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Friday, July 19, 2024

CDC Issues Health Advisory After Recent Fatal Cases of Flesh-Eating Bacteria

Amid increasing water temperatures and extreme weather events, people who are at increased risk for V. vulnificus infection should exercise caution when engaging in coastal water activities. 

The Centers for Disease Control and Prevention (CDC) is issuing this Health Alert Network (HAN) Health Advisory to:

  • Notify healthcare providers, laboratories, and public health departments about recent reports of fatal Vibrio vulnificus (V. vulnificus ) infections, including wound and foodborne infections.
  • Urge healthcare professionals to consider V. vulnificus as a possible cause of infected wounds that were exposed to coastal waters, particularly near the Gulf of Mexico or East Coast, and during periods with warmer coastal sea surface temperatures.
  • Share important guidance for managing V. vulnificus wound infections.

Vibrio are bacteria that cause an estimated 80,000 illnesses each year in the United States. About a dozen species of Vibrio are pathogenic to humans. V. parahaemolyticus causes the most infections in the United States, accounting for about 40% of reported cases of vibriosis, followed by V. alginolyticus, which accounts for about 20%. Most people with Vibrio infection have diarrhea. Some people might also have stomach cramping, nausea, vomiting, fever, and chills. One species, V. vulnificus, is known to cause life-threatening infections. About 150–200 V. vulnificus infections are reported to CDC each year and about one in five people with this infection die—sometimes within 1–2 days of becoming ill.

Vibrio naturally live in coastal waters, including salt water and brackish water, which is a mixture of salt water and fresh water. Most people get infected with Vibrio by eating raw or undercooked shellfish, particularly oysters. Some people get infected when an open wound is exposed to salt water or brackish water containing Vibrio [1]. People can also get infected if an open wound comes in contact with raw or undercooked seafood. Open wounds include those from a recent surgery, piercing, tattoo, and other cuts or scrapes—including those acquired during aquatic activity. Extreme weather events, such as coastal floods, hurricanes, and storm surges, can force coastal waters into inland areas, putting people that are exposed to these waters—especially evacuees who are older or have underlying health conditions—at increased risk for Vibrio wound infections. This effect was observed in Florida after Hurricane Ian in 2022 [2].

Unlike other Vibrio species, V. vulnificus is primarily transmitted through open-wound contact with salt water or brackish water, but occasionally (in approximately 10% of cases) the bacteria also can infect people if they eat raw or undercooked shellfish. Person-to-person transmission has not been reported. People at higher risk for wound infection include those with underlying health conditions such as liver disease, diabetes, and immunocompromising conditions [3]. V. vulnificus wound infections have a short incubation period and are characterized by necrotizing skin and soft tissue infection, with or without hemorrhagic bullae. Many people with V. vulnificus wound infection require intensive care or surgical tissue removal.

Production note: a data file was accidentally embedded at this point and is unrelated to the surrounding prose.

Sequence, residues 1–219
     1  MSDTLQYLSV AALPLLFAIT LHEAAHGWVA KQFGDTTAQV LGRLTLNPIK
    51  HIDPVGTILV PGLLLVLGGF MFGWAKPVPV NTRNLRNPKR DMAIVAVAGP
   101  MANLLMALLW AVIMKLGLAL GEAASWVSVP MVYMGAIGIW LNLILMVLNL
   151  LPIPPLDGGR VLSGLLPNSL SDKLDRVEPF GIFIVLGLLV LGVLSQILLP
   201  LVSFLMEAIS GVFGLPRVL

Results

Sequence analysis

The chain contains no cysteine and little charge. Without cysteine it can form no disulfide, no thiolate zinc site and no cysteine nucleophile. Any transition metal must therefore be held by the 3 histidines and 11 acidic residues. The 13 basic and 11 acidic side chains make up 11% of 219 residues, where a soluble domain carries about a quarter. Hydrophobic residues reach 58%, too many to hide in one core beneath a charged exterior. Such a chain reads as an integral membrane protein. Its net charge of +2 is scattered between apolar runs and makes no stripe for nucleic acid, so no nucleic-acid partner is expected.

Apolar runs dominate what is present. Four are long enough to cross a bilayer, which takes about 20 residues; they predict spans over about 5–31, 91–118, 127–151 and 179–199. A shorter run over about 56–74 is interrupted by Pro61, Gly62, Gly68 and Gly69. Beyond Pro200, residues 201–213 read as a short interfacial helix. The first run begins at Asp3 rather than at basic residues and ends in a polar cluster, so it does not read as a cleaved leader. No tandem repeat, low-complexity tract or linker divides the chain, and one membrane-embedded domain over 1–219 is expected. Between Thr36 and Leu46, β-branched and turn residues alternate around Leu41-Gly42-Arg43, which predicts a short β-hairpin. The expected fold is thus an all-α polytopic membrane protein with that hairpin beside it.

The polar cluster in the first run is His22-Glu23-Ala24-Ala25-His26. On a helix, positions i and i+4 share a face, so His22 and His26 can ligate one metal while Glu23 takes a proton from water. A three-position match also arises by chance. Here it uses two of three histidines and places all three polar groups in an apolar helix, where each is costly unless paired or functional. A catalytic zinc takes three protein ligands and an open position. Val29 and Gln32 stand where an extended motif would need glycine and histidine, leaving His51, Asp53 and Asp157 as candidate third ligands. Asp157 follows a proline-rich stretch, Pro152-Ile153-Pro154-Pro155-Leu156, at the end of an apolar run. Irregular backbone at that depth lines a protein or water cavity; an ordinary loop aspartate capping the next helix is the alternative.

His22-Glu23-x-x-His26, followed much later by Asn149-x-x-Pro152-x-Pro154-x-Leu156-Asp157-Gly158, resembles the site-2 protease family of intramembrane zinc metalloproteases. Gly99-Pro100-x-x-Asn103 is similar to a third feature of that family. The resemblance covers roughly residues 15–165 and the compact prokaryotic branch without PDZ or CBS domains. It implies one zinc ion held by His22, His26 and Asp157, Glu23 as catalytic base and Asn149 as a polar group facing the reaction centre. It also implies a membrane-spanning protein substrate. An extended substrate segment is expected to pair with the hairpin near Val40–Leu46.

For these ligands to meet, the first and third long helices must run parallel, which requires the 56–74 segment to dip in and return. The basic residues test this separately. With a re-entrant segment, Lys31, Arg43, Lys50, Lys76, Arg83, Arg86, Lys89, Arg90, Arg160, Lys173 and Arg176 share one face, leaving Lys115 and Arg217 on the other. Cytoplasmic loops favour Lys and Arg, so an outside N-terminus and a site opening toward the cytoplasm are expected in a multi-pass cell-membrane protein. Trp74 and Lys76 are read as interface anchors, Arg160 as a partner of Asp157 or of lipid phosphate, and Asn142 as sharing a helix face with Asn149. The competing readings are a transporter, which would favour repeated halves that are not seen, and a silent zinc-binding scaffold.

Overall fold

V. vulnificus bacteria thrive in warmer waters—especially during the summer months (May to October) and in low-salt marine environments like estuaries. In the United States, V. vulnificus  infections have been most commonly reported by Gulf Coast states. However, V. vulnificus infections in the Eastern United States increased eightfold from 1988–2018, and the northern geographic range of infections has increased 48 km per year [4]. During July–August 2023, the United States has experienced above-average coastal sea surface temperatures and widespread heat waves [5]. During the same period, several East Coast states, including ConnecticutNew York, and North Carolina, have reported severe and fatal V. vulnificus infections. Many of these infections were acquired after an open wound was exposed to coastal waters in those states. Some of these infections were associated with consumption of raw or undercooked seafood or had unclear etiology.

Amid increasing water temperatures and extreme weather events (e.g., heat waves, flooding, and severe storms) associated with climate change [6], people who are at increased risk for V. vulnificus infection should exercise caution when engaging in coastal water activitiesPrompt treatment is crucial to reduce mortality from severe V. vulnificus infection. CDC continues to monitor reports of V. vulnificus infections.

Recommendations for Healthcare Professionals